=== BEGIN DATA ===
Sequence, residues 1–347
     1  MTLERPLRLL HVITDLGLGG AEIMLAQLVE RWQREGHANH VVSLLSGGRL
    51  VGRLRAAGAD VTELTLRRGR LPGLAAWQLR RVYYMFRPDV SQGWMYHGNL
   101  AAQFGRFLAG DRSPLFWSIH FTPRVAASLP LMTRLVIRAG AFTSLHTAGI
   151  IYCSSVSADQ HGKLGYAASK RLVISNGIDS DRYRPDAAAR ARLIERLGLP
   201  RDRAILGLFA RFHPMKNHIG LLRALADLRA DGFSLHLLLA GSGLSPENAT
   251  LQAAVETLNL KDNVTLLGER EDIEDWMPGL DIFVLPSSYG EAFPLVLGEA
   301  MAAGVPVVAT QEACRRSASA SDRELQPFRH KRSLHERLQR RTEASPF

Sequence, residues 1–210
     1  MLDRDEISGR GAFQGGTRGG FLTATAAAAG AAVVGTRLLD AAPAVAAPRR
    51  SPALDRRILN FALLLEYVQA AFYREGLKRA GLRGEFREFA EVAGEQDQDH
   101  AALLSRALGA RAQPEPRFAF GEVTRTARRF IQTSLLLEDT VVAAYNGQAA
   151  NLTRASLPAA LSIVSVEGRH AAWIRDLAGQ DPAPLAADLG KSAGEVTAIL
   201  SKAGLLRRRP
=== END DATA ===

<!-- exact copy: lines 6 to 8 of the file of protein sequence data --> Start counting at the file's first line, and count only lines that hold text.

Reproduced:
   201  RDRAILGLFA RFHPMKNHIG LLRALADLRA DGFSLHLLLA GSGLSPENAT
   251  LQAAVETLNL KDNVTLLGER EDIEDWMPGL DIFVLPSSYG EAFPLVLGEA
   301  MAAGVPVVAT QEACRRSASA SDRELQPFRH KRSLHERLQR RTEASPF